• Small body is great for smaller players (great acoustic for small hands)
  • Neck profile is great for barre chords
  • Huge tone for such a small guitar
  • L.R. Baggs VTC electronics make it stage-friendly

Cons:

  • Buzzy when really played hard
  • Neck dives when played standing up
What others are saying:

“This is an amazing guitar with wonderful tone! This small body packs a beautiful punch.” Sweetwater customer

Find more excellent fingerstyle acoustic guitars here.

Who is this guitar for?

This guitar is for anyone looking for a big tone out of a small body. While it can be a bit buzzy when played hard, it would be perfect for flatpickers as well as long as too much force wasn’t used. It is great for guitarists of smaller stature, or guitarists looking for a traveling instrument.

Who is this guitar NOT for?

This guitar is not for someone looking for an instrument that will break out of a deep mix of other acoustic instruments unless amplification is involved.

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Best for Travel – Gibson L-00 Original

Specs

Body ShapeL-00 Original – Parlor Styled
TopSolid Sitka Spruce
Back & SidesSolid Mahogany
NeckMahogany
Neck ShapeSlim Taper
Fretboard19, Standard frets, Rosewood fingerboard. 12″ radius.
NutBone
Nut Width1.725″ (43.8mm)
ElectronicsLR Baggs VTC Under Saddle Pickup
SaddleBone
Scale-Length24.75″

Here’s another pint-sized guitar for those who want to pack a guitar along on their travels or do some intimate studio work. The Gibson L-00 is the guitar you need to consider if you’re going to be on the road and don’t want to drag a full-sized dreadnought or jumbo around with you (we’ve all been there). 

This seriously small guitar comes in even smaller than the LG-2 with a thinner waist and lower bout. Its incredibly vintage style hearkens back to the early 1930s when it became popular with bluesmen like Robert Johnson.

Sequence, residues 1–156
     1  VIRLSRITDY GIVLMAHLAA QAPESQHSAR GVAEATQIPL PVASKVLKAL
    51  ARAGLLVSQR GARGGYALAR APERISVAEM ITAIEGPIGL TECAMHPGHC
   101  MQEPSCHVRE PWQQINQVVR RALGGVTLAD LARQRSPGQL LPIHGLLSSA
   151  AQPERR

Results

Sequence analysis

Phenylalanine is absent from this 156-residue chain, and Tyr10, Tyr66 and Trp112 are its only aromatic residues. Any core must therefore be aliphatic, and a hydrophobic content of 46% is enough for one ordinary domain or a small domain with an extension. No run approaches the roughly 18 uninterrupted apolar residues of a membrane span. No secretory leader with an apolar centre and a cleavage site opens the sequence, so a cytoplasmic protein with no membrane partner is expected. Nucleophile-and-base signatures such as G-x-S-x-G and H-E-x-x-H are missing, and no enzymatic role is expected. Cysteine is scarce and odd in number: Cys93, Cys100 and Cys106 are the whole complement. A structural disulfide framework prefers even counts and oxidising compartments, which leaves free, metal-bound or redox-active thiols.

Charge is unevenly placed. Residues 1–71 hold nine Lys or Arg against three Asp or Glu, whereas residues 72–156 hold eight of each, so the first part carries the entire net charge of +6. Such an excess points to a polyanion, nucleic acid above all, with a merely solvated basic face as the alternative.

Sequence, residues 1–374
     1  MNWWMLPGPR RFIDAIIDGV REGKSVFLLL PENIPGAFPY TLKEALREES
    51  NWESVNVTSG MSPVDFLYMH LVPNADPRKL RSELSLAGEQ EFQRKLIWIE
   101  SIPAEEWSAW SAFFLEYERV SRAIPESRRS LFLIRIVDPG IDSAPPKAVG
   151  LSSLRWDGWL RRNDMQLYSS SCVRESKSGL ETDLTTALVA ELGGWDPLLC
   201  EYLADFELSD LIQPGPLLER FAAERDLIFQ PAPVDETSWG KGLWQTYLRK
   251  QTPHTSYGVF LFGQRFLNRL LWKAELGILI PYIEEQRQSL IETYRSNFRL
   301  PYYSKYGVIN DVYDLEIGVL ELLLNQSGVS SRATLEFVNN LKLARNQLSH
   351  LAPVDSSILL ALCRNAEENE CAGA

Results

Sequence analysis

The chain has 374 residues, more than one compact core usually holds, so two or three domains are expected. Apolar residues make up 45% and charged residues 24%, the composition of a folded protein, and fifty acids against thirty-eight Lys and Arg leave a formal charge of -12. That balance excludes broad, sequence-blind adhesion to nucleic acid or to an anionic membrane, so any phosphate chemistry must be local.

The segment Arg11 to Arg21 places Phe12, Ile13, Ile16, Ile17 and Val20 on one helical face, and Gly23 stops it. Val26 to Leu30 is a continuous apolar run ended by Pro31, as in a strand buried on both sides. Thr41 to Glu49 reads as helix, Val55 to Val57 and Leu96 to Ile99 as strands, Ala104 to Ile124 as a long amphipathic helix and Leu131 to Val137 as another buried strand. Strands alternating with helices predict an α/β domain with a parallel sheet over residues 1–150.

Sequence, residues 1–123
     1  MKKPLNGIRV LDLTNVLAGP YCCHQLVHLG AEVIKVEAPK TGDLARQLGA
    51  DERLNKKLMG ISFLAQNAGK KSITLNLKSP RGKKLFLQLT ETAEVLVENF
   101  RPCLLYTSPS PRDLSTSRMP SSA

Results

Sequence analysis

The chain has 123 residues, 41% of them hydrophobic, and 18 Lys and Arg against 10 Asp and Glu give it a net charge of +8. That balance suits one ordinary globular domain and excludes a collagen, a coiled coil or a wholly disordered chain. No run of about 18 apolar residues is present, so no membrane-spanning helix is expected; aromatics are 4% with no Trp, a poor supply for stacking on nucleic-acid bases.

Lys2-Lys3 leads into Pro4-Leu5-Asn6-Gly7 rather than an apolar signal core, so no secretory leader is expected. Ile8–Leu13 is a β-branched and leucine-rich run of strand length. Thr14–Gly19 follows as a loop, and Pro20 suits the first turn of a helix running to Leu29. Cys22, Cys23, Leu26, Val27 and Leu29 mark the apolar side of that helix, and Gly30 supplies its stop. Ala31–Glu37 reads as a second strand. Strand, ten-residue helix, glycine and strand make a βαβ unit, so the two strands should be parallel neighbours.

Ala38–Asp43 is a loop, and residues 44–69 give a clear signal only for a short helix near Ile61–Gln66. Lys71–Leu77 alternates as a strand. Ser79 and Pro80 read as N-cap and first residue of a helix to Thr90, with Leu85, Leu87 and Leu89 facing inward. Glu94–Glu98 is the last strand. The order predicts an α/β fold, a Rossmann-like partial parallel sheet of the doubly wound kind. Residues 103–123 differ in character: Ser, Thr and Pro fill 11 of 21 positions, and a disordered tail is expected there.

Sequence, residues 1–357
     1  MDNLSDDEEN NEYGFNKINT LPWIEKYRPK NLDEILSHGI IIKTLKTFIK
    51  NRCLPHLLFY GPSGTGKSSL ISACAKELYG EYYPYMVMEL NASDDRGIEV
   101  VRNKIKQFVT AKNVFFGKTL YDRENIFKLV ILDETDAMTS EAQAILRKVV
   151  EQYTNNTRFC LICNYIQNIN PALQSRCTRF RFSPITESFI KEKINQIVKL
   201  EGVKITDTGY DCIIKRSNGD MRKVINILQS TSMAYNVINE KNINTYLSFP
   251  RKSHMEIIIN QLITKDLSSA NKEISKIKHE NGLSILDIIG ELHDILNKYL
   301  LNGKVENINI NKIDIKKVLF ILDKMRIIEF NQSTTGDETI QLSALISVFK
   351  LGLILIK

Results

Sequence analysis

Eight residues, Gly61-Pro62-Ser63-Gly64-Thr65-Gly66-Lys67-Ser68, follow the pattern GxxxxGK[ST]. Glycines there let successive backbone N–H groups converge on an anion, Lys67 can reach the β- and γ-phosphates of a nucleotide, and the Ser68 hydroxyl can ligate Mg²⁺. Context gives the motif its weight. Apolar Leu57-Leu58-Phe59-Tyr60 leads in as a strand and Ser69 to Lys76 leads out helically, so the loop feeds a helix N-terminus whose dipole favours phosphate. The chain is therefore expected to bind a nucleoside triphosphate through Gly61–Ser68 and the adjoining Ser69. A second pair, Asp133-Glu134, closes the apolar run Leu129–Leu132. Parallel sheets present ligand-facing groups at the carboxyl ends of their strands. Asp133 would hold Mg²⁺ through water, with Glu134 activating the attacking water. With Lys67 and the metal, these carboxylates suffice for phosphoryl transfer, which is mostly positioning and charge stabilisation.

Find more great acoustic guitars for blues here.

The Gibson L-00 sports an all-solid-mahogany body and a solid Sitka spruce top. This creates a balanced tone with a big mid-range punch. The neck is incredibly easy to play and very comfortable even for those with larger hands (like me).

This little guy sings when strummed moderately with a flat pick or played intimately with the fingers. The L.R. Baggs VTC system really shines onstage as well. It has a well-balanced amplified tone that really helps project its little voice. 

Whether you’re looking for a high-end campfire companion or a great little guitar to write songs on, the Gibson L-00 should be at the top of your list.

How this guitar sounds:

Pros:

  • Small size makes travel easy
  • Onboard electronics really project when plugged in
  • Comfortable neck profile fits nearly any hand
  • Loads of well-balanced tone for a little guitar

Cons:

  • An onboard tuner would be nice
  • Awkward to play standing up for larger players
What others are saying:

“What could Gibson do to make this guitar better?? ABSOLUTELY NOTHING!! The playability, the sound, the feel, the STUNNING BEAUTY of this L-00 Original is astounding! I LOVE THIS GUITAR!!”Tony, Sweetwater customer

Find more great Parlor guitars here.

Who is this guitar for?

This guitar is perfect for players wanting a small-bodied acoustic to pack on vacation or use in the studio.

Who is this guitar NOT for?

This guitar is probably not for players of a larger stature who want to play live. It is just a little too awkward to play when standing up. It is also not for the player who is looking for the volume that larger guitars (even the LG-2) provide.